It seems that one of the most common problems new screen printers run into is printing white ink. I’ve heard a lot of questions like: Why do all my other colors print fine and white is so tough? Why is it that my white ink is so thick? Why can’t I get a smooth white ink? It’s always rough and seems to have texture to it. Is there anything I can do to thin my white ink to make it easier to print? Also comments like: “Our white ink is bad, it comes off after only a couple of washes.” “There’s something wrong with my press, it prints fine when I am printing on white shirts, but when I print on dark shirts the white ink is very blurry.”
Unfortunately, the answers to these quarries usually lie in the printer themselves. No, your white ink isn’t defecting, your press probably works fine, and you shouldn’t need to thin the ink. Yes, you probably need to change some variables and techniques during the printing process. The truth of the mater is, the answer is in the question all along.
So why does the screen printing process work fine for a while and then as soon as you start printing white ink, smash, a road block. The truth is, you may have been doing the wrong things the whole time, it just didn’t show up yet . It’s like swimming, sure you can dog paddle and flounder around the pool all day. However, when it comes to swimming a long distance, without the proper techniques you’ll work twice as hard and get half as far.
Printing on light garments is much easier than printing white on dark garments. On a light garment, not as much ink is required to achieve good coverage. Also many times you’re working with thinner inks. Ink varies in viscosity according to how much pigment it has in it. For instance, a black ink is almost always going to be printed on lighter colors, the pigments needed for the black to show up are considerably less then the pigments needed for a white ink to cover a dark garment. Thus, you’re black ink is much thinner and easier to work with. You can do almost every technique wrong when printing black ink on a white shirt, and there’s still a good chance that your final print will look pretty good. Since the ink is thinner, it passes through the screen mesh much easier, with less force, and clears the screen better. (For those unfamiliar with the term “clearing the screen,” this defines the point when all ink is cleared out of the screen mesh and properly transferred to the shirt.)
So basically when setting up a screen printing job that requires black ink on a white shirt, you can use the wrong screen mesh, have no off contact, and print with the completely wrong squeegee technique and still get an “OK” looking final print. However, if these same wrong techniques are tried when printing white ink, uh oh, game over! The unfortunate thing is, many printers start out this way and teach themselves completely wrong. In fact, this is how I learned. It’s not the end of the world though!
The first thing you’ll have to understand and come to terms with is the fact that white ink is probably going to be the thickest ink you’ll ever use. To achieve a bright white image on a black shirt, the ink has to be opaque which in turn means thicker. Sure you can find thinner white inks, or try to reduce the thicker ones, however you’re defeating the purpose and you’ll end up printing twice as much to try and achieve the same result. On the other hand, if you learn how to print correctly, then printing white is like taking a walk in the park.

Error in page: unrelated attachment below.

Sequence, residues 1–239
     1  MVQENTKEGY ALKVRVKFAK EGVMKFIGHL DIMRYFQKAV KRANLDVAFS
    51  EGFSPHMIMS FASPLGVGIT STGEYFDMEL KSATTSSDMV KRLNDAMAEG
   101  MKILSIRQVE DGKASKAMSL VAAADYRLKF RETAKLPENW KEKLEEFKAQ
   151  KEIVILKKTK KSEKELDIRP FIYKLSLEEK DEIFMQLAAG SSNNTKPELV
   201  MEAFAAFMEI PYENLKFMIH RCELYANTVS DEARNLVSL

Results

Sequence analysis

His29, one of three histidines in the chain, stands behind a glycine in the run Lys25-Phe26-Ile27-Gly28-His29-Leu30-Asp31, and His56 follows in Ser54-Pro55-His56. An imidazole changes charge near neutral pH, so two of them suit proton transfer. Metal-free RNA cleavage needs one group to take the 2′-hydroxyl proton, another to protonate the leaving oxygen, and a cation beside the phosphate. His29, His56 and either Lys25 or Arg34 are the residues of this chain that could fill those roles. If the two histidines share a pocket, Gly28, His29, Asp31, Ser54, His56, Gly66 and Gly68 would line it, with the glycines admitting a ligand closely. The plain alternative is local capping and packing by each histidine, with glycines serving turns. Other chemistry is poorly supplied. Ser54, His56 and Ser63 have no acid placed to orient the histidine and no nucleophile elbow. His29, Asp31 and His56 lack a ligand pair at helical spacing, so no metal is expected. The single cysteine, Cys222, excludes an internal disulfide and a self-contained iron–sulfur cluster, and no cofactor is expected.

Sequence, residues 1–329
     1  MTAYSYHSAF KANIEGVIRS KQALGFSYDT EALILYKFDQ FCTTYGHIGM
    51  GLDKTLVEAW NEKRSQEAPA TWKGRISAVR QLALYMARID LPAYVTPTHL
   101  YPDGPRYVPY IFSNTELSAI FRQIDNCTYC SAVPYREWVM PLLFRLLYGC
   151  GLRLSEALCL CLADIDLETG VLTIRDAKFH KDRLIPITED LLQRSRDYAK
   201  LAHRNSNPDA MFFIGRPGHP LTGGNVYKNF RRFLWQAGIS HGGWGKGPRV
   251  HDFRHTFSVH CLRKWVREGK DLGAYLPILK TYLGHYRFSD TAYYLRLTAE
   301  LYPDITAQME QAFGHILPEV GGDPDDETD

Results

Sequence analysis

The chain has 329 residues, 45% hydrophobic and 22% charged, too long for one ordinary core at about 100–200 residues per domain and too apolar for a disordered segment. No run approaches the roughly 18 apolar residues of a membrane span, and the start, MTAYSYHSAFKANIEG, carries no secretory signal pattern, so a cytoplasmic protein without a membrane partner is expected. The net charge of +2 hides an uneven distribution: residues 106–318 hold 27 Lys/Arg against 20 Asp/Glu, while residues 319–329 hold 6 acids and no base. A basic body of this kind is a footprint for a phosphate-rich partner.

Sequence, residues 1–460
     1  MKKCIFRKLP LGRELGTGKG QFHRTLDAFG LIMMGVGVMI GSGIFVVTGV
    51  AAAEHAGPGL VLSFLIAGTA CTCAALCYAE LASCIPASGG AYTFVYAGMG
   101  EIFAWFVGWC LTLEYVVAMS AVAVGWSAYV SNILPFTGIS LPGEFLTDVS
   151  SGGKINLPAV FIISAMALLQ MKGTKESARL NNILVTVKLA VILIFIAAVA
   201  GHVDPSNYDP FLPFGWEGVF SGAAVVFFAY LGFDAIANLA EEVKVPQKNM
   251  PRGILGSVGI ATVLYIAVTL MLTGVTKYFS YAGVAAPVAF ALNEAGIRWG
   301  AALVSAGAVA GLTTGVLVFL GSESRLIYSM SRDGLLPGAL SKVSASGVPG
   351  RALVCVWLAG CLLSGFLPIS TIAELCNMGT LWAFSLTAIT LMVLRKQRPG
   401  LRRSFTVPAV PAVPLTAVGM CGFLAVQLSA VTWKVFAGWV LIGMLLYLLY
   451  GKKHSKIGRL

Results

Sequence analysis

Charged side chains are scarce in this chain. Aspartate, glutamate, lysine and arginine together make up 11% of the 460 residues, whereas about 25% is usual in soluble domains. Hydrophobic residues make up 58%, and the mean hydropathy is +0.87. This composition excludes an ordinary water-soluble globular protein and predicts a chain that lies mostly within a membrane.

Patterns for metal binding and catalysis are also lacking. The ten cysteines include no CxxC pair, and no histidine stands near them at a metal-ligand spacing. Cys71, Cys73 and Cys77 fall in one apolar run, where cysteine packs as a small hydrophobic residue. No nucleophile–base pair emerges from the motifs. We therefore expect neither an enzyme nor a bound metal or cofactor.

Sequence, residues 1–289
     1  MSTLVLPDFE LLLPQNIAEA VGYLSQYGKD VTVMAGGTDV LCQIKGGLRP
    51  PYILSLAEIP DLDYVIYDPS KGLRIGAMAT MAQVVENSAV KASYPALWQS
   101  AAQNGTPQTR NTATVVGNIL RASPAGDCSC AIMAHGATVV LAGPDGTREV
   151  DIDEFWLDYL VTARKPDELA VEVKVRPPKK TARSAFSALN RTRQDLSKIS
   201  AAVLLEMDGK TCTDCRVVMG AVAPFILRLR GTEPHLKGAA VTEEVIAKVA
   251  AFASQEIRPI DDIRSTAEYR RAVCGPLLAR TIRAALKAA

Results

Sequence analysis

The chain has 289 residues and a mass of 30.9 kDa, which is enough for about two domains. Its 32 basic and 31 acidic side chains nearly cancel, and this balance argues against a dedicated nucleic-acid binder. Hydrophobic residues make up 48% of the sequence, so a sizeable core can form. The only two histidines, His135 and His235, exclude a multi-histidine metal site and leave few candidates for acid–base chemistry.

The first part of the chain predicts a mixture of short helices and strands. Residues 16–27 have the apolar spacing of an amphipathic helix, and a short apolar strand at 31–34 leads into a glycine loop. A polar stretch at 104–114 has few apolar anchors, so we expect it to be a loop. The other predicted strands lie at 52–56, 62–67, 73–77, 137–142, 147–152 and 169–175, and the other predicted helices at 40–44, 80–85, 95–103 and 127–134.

Over the past several years, every ink manufacturer in the country has been on the hunt for the “best” white ink on the market. Yes, they’ve come a long way. In fact twenty or thirty years ago white on black looked more like a light tan or gray than white. Now with inks available like Triangle Phoenix White or International Coatings White, you can achieve maximum coverage with minimal passes. Still, white ink has to be loaded with pigment which means it will always have a high viscosity.
So what’s the trick? How can you print white ink like the
pros.? The answer usually lies in a few simple changes to your setup and
technique. Apply these changes and really, it’s not that hard.
Before we delve into techniques, let’s first discuss a little bit about pre press and setup.
To properly setup a job using white ink you first must
understand a little bit on how to select the proper mesh size. Because white is
thicker, you want to print through the lowest proper mesh size that applies to
that print. If you try and print white through a higher mesh screen which has
much smaller holes in it its going to make it much harder to push the ink through the screen. It’s also not going to allow as much ink through the screen as a lower mesh would.
Typically you want to print white through mesh sizes ranging from 110-156. Granted sometimes the image dictates a high mesh count. For instance, since a half tone or fine line drawing cannot hold on a lower mesh screen, you’ll have to use a high mesh frame and apply more passes to achieve a bright white. For the most part however, you’ll want to use the lower meshes so that a larger amount of ink is deposited on the shirt.
The second part of setup is to insure the screen is adjusted properly on the press. You want to be sure that you have a proper off contact of about 1/8-1/16 of an inch. Since white is a little thicker, you may want to go with a slightly higher off contact then normal, perhaps around 1/8 of an inch. Off contact is the height between the screen mesh and the substrate you are printing on.
Proper off contact also allows the ink to be cleared from the screen mesh easily by releasing the mesh upward directly after the print stroke leaving all the ink smoothly on the shirt. One thing that you also want to be sure to apply when printing white ink is an off contact tab. This is a small piece of material (ie. a penny, cardboard, paper, a piece of plastic) that is the height of your off contact. This tab is placed on the end of the screen frame where it hits the top of the neck platen and not the shirt. By using an off contact tab, you insure that your off contact will remain through the entire print stroke.